But some advisers are finding clients hesitant to sell, after years of being told to do anything to avoid triggering a taxable event. “We have one of the lowest capital-gains rates in history right now, but my clients still don’t pay capital gains. They still don’t sell stock. They don’t like taking any gains,” says Austin Frye, a wealth adviser in Miami.

There is some risk in acting too soon. Biden’s proposal is an opening bid. Democrats in Congress are already reshaping the plan, and any proposal has to clear razor-thin margins in both the House and Senate. In all likelihood, any final legislation will be more moderate and include some combination of lower rates or more carve-outs than what’s detailed in the Biden plan.

More alarmingly for the wealthy, Congress also has the power to make the changes retroactive, to the start of 2021 or even earlier. But signs are that’s not the White House’s preference. “Retroactively is generally not favored,” says Todd Simmens, a former legislative counsel to the Joint Committee on Taxation, who now works for accounting firm BDO. “If folks are planning for some changes, it would be safe and prudent to assume that the changes are effective in January 2022.”

One strategy for investors who are convinced their current holdings will keep growing in value: selling, paying the tax at today’s rate, then buying the asset back. This course of action sets a new, higher purchase price that minimizes any future levy, says Todd Morgan, chairman at Bel Air Investment Advisors in Los Angeles. That approach could work well for an asset such as Tesla Inc., whose stock has increased almost 700% since the start of 2020, or Bitcoin, which was just about worthless a decade ago but now tops $50,000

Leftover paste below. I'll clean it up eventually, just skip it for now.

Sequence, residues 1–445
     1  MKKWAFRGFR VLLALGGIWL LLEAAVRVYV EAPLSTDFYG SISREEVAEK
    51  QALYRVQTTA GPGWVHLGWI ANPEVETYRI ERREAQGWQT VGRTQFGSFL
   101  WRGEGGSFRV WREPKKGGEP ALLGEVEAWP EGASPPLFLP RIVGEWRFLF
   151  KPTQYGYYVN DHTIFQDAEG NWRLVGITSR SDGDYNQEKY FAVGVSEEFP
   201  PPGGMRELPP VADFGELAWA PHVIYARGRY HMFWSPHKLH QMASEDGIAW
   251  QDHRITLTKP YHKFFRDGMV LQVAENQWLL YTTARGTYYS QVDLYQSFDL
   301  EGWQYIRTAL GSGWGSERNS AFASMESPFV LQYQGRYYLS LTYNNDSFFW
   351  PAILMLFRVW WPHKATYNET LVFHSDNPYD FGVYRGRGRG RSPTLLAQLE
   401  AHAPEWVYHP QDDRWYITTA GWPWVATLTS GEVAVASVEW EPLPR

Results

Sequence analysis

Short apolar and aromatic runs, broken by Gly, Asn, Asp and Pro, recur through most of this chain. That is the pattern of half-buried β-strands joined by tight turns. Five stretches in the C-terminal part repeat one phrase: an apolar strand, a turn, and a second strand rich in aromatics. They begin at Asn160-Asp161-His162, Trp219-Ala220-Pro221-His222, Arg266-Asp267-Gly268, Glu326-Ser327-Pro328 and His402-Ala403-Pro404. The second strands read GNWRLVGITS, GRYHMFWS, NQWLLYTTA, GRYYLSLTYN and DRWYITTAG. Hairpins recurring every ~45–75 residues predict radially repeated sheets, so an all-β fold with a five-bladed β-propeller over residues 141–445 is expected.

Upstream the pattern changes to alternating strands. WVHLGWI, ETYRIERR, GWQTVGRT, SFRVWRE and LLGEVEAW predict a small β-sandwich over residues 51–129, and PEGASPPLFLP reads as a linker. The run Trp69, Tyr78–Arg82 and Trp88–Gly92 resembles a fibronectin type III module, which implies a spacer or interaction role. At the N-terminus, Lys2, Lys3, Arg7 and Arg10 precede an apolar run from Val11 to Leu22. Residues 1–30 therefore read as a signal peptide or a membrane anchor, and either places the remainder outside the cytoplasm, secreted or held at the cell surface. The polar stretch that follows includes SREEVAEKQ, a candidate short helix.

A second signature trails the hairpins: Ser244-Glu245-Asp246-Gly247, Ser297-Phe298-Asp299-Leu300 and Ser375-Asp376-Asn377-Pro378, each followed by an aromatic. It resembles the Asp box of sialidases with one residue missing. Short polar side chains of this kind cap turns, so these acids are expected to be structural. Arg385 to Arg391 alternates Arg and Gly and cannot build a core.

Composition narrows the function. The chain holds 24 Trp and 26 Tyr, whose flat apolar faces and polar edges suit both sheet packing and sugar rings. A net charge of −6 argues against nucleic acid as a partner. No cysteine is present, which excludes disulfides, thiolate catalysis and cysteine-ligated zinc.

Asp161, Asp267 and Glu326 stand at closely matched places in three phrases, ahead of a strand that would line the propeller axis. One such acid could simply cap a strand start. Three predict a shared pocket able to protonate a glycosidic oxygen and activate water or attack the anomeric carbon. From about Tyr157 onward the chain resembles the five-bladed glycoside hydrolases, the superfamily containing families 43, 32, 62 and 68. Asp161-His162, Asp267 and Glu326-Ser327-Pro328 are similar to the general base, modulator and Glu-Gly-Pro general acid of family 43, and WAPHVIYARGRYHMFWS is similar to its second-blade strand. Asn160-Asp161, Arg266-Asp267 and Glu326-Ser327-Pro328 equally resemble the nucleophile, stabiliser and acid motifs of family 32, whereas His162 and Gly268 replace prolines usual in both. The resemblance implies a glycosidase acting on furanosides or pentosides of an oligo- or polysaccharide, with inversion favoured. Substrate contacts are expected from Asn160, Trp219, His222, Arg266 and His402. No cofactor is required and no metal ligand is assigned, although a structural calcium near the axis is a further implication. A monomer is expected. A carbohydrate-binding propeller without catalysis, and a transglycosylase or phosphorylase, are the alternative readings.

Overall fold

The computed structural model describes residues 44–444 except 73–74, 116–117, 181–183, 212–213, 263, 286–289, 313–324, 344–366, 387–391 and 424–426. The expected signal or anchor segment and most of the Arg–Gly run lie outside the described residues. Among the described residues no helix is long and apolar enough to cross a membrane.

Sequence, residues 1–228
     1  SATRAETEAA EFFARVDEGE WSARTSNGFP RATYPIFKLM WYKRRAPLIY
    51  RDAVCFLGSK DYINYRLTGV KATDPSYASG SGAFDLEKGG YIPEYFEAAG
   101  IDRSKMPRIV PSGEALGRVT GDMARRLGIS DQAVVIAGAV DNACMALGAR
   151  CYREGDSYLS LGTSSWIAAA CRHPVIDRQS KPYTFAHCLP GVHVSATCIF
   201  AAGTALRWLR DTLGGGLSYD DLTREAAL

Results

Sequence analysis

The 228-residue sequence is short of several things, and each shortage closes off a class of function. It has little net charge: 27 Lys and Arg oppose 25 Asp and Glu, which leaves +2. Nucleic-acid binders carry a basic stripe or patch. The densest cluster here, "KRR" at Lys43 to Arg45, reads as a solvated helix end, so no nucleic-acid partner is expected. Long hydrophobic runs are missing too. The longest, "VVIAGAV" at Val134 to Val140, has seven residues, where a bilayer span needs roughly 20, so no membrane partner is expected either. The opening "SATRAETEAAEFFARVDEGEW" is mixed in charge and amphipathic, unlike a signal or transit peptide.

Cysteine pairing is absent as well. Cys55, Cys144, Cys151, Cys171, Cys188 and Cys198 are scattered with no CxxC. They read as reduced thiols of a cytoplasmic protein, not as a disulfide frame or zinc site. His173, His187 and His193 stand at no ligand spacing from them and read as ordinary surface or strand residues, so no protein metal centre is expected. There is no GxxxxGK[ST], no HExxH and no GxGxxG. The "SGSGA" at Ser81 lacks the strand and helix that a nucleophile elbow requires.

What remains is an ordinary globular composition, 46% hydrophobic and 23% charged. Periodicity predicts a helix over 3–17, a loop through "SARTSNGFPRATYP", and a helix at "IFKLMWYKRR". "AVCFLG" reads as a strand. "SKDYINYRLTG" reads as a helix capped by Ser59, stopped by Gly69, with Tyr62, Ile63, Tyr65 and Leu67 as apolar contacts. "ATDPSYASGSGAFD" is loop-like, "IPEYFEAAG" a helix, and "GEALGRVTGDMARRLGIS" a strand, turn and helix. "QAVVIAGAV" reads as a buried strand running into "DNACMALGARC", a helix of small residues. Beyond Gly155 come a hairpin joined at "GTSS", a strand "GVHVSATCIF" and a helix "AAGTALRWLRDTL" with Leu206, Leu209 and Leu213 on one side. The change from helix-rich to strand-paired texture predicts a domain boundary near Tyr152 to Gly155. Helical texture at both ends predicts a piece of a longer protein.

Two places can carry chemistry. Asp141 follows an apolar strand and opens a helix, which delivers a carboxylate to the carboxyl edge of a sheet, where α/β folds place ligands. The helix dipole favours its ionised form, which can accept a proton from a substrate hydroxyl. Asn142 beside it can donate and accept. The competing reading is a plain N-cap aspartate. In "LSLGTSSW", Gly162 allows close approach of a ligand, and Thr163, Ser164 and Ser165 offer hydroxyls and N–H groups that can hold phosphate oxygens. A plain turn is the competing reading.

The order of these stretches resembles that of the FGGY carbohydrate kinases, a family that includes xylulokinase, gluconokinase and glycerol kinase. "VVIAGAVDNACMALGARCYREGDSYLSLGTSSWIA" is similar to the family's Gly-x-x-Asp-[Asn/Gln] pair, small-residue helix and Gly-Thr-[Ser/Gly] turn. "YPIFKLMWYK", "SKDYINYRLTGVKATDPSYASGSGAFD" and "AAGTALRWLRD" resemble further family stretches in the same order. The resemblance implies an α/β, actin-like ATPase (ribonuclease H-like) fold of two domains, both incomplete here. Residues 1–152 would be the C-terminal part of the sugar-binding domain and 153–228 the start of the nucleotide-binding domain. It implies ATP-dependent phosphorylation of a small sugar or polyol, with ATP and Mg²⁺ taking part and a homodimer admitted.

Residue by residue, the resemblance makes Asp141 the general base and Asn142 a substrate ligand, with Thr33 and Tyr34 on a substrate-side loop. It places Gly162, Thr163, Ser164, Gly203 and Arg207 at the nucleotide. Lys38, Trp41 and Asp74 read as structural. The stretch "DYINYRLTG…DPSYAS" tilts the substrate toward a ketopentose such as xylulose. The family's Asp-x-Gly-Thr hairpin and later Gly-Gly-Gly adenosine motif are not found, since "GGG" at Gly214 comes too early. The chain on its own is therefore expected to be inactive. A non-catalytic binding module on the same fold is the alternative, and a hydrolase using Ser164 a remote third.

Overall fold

“Wealthy individuals and investors generally have the ability to hold for as long as they want” and usually borrow against their portfolios if they need money for current use, says Alison Hutchinson, managing director at Brown Brothers Harriman & Co. If the rules change, however, investors may decide to sell before the changes go into effect.

One other new problem the wealthy could face is increased IRS scrutiny, something that has support from both Democrats and Republicans. Biden wants $80 billion for the IRS to strengthen enforcement in the coming decade.

The most obvious way to avoid higher capital-gains rates is to keep income less than $1 million in any given year. Marya Robben, an estate-planning attorney at Lathrop GPM in Minneapolis, says her executive clients may want to shift more income into deferred compensation plans. Pegg at Wells Fargo notes that sales of property or private businesses could be structured in ways that buyers pay sellers over a period of several years, spreading out that income.

As always with complicated regulations, it pays to pore over the fine print. Changes “will be designed with protections” for family-owned businesses and farms, allowing “heirs who continue to run the business” to avoid paying taxes, a White House fact sheet says. “It will be interesting to see how you define these things,” Hutchinson says.

If the tax-hike legislation does pass this year, wealthy investors could have only a couple of months—or even a few weeks if the negotiations drag on long enough—to react before the changes take effect. “You might want to accelerate income. You might want to defer deductions to a time when they would be more valuable,” Pegg says. “If you think you can get the deal done, get the deal done.” —With Tom Keene